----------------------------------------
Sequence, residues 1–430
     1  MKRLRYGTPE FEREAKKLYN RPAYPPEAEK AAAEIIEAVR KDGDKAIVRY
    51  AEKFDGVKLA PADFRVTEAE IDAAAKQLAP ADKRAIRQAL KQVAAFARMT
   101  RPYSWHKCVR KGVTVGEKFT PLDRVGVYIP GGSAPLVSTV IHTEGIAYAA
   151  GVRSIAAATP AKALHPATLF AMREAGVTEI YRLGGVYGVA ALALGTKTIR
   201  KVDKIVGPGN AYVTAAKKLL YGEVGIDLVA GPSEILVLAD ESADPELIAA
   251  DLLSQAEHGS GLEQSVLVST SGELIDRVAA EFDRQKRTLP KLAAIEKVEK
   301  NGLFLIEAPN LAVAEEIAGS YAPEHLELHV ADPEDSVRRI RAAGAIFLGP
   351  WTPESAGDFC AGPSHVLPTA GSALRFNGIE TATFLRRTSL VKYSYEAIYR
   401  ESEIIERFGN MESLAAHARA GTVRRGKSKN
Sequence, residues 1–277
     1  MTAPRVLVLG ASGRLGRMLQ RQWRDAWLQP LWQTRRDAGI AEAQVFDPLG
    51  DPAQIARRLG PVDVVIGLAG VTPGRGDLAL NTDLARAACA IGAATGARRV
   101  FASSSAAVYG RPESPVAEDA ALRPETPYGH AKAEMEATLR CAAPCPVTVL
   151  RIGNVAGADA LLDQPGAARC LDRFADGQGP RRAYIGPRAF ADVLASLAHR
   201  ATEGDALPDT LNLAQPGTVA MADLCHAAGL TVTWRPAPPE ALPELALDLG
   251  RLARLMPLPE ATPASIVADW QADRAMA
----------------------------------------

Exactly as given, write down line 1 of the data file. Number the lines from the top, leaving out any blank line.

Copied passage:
Sequence, residues 1–430